The Organic Cesarean: A protocol for a gentler surgical birth
In my doula work, I specialize in attending parents who have high-risk pregnancies and are anticipating surgical births. This is a niche unexplored by most of the doula field- and I felt called to step into this space and bring some of that famous doula juju to the OR.
Turns out, the OR can be a stressful place to give birth! Research shows us that having continual doula support reduces stress, and improves birth outcomes. In addition, early skin on skin contact facilitates better bonding, breastfeeding, and gut flora!
That can add up to a pretty hefty protective factor later in life, according to some.
After attending lots of surgical births, I've learned a few things:
1) Not every hospital does things the same way! In fact, not every OB team does things the same way. Every member of the team has their preferred protocol, informed by their own experiences.
2) The Anaesthesiologist runs the OR. What they say, goes. They stand by the birthing parent's head. I always treat the entire team with respect, but I find the birth goes smoother when I use extra nice words with the anaesthesiologist and ensure them I won't be interfering with anything. Doulas in the OR is an unusual thing, and can make some folks jumpy the first time around. It's important to remember that they're informed by their experiences, and everyone has the birthing parent's best interest and safety in mind. That being said, once in a while, I've had to roll my eyes (much later...and in a bathroom...by myself) and giggle at some things said when it's discovered I'm the doula.
"I'm a doctor. I'm not a nurse, don't ever call me a nurse, and we will be okay."
"So what does a doula do in the OR? You're not going to spray anything scented, right? Please don't sing a chant, ok?"
"Are you a parent too? Oh. A doula? Why would she need a doula now? She's not doing anything!"
I definitely didn't giggle at that last one- but it echoes the sentiments of plenty of folks I've met during my time of attending surgical births. I have since reduced my birth work to 4 or 5 a year (my lactation practice is burgeoning and I'm so happy doing my boob-genie thing- but birthwork has a siren song and I must answer), so I encounter this less- but I know the sentiment is out there.
Informed by all of that, I sat down and wrote a protocol. I shamelessly mined my nurse-friends for good things to include for an efficient use of time & space in the OR, and have added to and subtracted from it over the last few years.
I wanted to share it with you so that you can bring it to your birth team if you're expecting a surgical birth. There's no reason you shouldn't have some say in how your birth goes down! My favorite part (apart from the obvious urbane miracle) is listening to the songs families have chosen to be playing during their babies' births. It's a moving experience- and every family is so different!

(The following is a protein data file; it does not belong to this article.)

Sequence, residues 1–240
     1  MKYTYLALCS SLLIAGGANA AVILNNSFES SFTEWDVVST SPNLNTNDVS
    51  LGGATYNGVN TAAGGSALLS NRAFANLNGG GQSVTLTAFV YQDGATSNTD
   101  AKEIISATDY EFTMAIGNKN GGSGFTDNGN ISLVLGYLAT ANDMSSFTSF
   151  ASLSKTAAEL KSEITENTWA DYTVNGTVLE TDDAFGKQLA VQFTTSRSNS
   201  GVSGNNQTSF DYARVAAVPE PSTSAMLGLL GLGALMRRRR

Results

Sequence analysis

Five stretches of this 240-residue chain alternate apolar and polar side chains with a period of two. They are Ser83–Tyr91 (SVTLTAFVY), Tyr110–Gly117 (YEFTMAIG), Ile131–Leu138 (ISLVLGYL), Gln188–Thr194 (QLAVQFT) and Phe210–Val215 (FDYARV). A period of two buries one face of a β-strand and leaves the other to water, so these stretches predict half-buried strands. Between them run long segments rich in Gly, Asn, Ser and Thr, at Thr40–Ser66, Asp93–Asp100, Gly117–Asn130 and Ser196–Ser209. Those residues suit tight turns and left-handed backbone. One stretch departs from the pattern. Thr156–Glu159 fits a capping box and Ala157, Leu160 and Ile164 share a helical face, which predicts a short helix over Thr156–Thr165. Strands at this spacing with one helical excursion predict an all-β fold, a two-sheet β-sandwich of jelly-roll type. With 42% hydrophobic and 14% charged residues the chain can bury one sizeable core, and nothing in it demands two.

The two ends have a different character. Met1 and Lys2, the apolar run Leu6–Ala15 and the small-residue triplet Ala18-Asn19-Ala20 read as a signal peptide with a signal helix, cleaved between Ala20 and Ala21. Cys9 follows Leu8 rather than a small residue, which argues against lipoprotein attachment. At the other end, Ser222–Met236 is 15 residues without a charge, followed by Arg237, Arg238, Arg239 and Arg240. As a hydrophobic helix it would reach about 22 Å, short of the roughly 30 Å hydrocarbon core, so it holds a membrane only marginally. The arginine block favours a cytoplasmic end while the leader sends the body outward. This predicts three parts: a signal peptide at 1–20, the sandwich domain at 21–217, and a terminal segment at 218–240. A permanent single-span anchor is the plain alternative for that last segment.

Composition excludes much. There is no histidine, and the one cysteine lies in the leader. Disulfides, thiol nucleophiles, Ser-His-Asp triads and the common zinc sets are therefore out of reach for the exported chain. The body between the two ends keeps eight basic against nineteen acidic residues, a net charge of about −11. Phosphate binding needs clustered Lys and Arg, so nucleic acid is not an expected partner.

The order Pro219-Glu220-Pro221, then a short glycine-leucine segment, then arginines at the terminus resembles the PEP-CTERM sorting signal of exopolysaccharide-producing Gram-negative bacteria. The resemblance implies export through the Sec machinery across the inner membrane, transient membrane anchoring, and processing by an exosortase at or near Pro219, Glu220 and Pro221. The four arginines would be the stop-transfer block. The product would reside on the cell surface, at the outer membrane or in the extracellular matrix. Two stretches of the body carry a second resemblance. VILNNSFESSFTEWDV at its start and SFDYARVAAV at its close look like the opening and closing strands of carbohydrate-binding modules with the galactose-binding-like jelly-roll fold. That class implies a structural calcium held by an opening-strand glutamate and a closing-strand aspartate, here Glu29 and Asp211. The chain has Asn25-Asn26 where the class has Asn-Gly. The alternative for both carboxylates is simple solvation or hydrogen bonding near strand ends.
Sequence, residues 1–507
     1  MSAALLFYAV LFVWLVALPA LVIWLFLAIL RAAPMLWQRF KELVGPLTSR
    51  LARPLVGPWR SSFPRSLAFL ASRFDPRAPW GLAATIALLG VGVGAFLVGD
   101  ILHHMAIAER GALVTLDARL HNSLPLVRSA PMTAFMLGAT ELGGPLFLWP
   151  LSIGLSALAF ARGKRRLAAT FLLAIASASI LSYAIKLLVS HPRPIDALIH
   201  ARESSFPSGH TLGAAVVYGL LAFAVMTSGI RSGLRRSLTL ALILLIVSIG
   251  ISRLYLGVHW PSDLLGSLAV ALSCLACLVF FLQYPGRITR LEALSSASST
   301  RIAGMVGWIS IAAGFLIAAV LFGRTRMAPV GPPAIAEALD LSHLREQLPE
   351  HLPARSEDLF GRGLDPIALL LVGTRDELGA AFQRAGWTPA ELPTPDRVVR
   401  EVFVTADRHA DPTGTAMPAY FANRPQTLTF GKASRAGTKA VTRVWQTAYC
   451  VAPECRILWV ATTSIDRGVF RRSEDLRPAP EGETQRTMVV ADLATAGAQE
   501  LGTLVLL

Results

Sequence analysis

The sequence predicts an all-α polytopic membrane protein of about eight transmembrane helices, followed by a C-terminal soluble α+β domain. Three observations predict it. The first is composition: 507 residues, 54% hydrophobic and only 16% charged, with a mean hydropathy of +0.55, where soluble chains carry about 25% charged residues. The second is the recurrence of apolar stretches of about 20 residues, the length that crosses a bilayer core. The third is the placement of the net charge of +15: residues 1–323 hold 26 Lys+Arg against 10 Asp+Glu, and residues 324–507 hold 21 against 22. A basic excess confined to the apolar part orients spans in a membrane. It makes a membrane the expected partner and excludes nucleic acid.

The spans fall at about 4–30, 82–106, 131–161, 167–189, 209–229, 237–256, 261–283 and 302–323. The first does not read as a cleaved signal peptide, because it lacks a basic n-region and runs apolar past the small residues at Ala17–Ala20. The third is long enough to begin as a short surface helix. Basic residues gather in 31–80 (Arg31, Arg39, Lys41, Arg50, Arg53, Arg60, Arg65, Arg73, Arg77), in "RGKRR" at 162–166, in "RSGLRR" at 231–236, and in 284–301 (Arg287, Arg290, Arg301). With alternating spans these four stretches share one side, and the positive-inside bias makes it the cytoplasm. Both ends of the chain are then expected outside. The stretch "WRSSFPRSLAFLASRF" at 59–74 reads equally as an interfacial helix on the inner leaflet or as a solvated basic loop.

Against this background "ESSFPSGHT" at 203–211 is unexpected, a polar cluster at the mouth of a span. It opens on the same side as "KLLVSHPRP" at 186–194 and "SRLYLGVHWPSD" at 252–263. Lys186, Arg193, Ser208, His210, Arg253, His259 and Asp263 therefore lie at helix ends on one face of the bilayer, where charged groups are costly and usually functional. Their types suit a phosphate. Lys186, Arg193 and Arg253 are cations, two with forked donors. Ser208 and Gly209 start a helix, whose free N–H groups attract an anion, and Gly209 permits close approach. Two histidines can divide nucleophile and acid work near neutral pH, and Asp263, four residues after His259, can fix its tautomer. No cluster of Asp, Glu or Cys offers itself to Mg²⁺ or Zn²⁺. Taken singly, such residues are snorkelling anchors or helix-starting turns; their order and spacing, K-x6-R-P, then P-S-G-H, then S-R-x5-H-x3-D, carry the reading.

Here you go! Feel free to bring this to your team & chat about it with them. I would love to hear your experiences and responses in the comments!
Organic Caesarean Protocol
written by Bryna Sampey, IBCLC, Doula
The benefits of a organic, biodynamic or “family centered” cesarean have been documented. The most important benefit is the skin on skin contact and thermoregulation that happens with this technique. The improved rates of both breastfeeding success and protection of the infant’s microflora colonization process are crucial to long term health of the dyad. The technique can delay the staff by as much as 10 minutes when compared to a typical caesarean delivery. Accommodations in OR scheduling should be made if this type of birth
is planned. The technique should never override other protocols in the event of life
threatening complications, but should be given priority in a normal planned surgical birth of a healthy newborn, for the beneficial reasons described above.
Preparation of Room: Lighting and Music
Family should be given the option of lowered lighting, with a spotlight for the surgeon, instead of full-bright lighting. This serves to ease the baby’s transition to the birthing parent’s chest, and allow them better viewing of the birth. This has an added benefit of reducing the partner or supporting person’s potential distraction with the surroundings and helps focus family on the birth.
Family should be given choices in music if a sound system is available. Instructions should be given regarding format of music to be provided (iPod, MP3, etc) with as much time as possible to select music.
Music has documented benefits of regulating breathing and heart rate, and the long term emotional benefit of giving the family this choice in birth is significant, as birth is a life altering event.
Preparation of Family: Consult and Transport
When the surgeon consults with family prior to delivery, attention should also be given to supporting partner- and time given for questions or concerns that may arise. This is also a time for surgeon to confirm the plan that has been made beforehand. This enhances family’s confidence and serves to lower cortisol level in birthing parent.